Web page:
On November 20, 2014, President Obama gave a historic speech on immigration. Despite how profoundly personal this issue is to me, I didn't watch. For the past decade, I have avoided any mention of immigration reform -- it causes my stomach to churn.
The topic brings me back to a window in Ciudad Juarez, Mexico in 2004. The five minutes I spent there damaged my life irrevocably. With the swipe of a pen, a blank-faced clerk denied my husband's application for a marriage visa and shattered our family.
We had met four years earlier, working at a Mexican restaurant in a small town in Southern California. We fell in love, spending hours talking after the restaurant closed. He told me about how his mother had died, and his father descended into alcoholism. He arrived in the U.S. at 17, finished high school and got three jobs to support his younger siblings in Mexico. And because he had entered the country illegally, he did all this without documents.
We got married in 2002, then moved to Cambridge, Massachusetts, so I could earn a master's degree at Harvard University. We had a beautiful baby boy. On the weekends, we'd go to the park, and I would watch my husband do cartwheels for our giggling baby. At night, we would pile into our black futon. We were happy.
"I felt as though my limbs had been torn from my body."
But we knew we couldn't build a stable life for our son without regularizing my husband's immigration status. So we applied for a marriage visa and, one year later, got an appointment at the American Consulate in Ciudad Juarez on April 17, 2004. At the time, anyone applying for a visa needed legal standing to receive an appointment inside the U.S.
So we flew to California, left our son with family and hopped a bus to Ciudad Juarez. We found the waiting room of the American Consulate filled with couples like us.
The clerk called us to the window. My husband raised his right hand and promised to tell the truth. She asked one question: Have you ever crossed illegally besides your initial entrance? Yes, he answered. He had returned to visit his ailing grandmother. The clerk informed us that my husband was barred from entering the United States for life. Can we appeal? No. She called the next couple.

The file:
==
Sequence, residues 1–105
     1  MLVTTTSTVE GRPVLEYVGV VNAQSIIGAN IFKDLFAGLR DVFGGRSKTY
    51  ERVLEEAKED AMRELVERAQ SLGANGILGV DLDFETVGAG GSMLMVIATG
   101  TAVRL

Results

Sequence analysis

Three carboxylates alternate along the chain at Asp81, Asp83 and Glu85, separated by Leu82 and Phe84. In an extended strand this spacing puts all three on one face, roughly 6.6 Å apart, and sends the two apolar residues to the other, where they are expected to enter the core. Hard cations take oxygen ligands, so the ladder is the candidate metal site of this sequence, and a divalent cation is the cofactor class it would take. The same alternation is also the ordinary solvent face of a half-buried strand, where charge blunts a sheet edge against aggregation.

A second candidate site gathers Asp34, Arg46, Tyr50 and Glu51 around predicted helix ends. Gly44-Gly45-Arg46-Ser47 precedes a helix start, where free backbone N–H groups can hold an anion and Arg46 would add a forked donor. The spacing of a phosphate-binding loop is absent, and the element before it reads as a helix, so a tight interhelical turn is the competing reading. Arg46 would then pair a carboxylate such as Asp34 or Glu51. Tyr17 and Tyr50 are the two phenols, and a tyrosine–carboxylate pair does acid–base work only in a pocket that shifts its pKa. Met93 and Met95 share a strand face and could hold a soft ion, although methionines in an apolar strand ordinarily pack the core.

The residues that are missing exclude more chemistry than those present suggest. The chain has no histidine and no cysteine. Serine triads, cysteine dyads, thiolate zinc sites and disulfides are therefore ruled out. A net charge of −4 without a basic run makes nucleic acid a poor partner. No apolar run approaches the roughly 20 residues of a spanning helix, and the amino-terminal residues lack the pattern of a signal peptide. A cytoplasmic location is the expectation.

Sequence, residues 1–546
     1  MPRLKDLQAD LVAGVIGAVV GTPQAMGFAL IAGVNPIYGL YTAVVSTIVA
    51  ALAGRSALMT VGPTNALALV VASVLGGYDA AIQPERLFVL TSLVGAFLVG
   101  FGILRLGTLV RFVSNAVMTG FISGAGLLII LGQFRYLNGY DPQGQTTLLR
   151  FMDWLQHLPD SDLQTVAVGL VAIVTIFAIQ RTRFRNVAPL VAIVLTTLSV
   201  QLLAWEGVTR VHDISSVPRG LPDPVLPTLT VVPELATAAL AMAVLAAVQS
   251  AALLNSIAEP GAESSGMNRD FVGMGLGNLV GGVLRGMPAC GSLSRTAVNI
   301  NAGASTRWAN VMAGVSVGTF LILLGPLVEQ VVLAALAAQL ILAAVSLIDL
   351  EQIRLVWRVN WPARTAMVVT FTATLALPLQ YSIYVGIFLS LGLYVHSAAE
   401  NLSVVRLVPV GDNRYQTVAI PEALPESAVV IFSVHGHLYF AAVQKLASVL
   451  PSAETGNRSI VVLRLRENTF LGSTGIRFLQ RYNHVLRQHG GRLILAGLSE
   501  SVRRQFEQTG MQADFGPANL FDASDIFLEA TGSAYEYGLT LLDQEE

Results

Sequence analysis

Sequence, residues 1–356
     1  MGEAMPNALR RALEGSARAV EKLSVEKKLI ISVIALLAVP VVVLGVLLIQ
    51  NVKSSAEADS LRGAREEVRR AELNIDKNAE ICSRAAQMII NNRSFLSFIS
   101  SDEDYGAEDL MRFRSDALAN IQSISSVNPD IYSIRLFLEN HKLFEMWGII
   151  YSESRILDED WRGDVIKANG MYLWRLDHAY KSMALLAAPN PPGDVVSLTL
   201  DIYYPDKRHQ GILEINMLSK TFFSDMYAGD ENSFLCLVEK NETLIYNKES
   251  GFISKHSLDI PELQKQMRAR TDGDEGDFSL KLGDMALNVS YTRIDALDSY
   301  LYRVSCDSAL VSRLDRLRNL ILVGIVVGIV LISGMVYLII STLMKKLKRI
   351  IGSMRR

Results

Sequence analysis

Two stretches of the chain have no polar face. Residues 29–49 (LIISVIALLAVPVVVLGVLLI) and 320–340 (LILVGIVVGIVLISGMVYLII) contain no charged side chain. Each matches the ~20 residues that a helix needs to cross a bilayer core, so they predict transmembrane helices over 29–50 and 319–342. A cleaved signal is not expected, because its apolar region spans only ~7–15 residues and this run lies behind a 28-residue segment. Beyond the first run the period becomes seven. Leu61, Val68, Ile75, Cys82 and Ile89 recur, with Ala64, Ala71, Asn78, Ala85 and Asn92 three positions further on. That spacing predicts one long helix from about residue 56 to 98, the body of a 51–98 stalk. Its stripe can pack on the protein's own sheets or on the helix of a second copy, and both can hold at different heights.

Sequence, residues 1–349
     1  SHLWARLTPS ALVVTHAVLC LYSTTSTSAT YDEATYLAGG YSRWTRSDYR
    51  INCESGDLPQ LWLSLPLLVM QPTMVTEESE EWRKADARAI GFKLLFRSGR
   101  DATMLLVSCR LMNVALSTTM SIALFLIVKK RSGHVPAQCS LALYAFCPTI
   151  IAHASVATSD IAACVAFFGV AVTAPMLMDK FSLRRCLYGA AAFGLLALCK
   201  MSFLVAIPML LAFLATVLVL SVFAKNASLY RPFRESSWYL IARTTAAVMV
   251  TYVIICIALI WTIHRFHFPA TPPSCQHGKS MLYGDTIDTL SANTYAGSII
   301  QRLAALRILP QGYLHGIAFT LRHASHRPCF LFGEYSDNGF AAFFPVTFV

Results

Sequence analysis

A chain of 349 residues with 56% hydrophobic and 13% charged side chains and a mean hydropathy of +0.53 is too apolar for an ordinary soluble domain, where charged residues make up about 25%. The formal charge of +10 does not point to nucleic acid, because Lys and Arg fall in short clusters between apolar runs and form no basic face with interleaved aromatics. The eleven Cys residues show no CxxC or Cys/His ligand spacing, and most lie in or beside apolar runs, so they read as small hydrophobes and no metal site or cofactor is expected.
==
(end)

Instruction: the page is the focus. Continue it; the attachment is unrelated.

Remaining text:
I couldn't care for a toddler alone while studying and working two jobs, so I left my son in Mexico, too. I returned home to an empty crib and an empty bed. I felt as though my limbs had been torn from my body. I found an immigration lawyer who agreed to see me pro bono. He told me there was absolutely nothing he could do.
"My marriage seemed worthless in the eyes of the law -- a law that left my innocent son with parents broken apart. "
My husband had not broken any criminal laws. He had violated immigration regulations. For that, he was given a life sentence with no parole. My marriage seemed worthless in the eyes of the law -- a law that left my innocent son with parents broken apart against their will.
Our justice system is weighted toward keeping families together. Children are often sent back to abusive homes on the principle of the sanctity of family. But this was not the case with my family. In my son's eyes, his father is a superhero. Yet for over a decade now, my government has thrown up roadblock after roadblock to keep them apart.
Months later, I finally read President Obama's speech on immigration. His executive order prevents people from being deported if they have American children. It's designed to protect kids like my son until Congress passes something more permanent. But a federal judge in Texas has put the executive order on hold; an appeals court heard oral arguments on April 17 and will rule soon, but the case may eventually go to the Supreme Court. In the meantime, I pray for a ruling that will keep other families from suffering as we have.
© Trade Winds/ Zócalo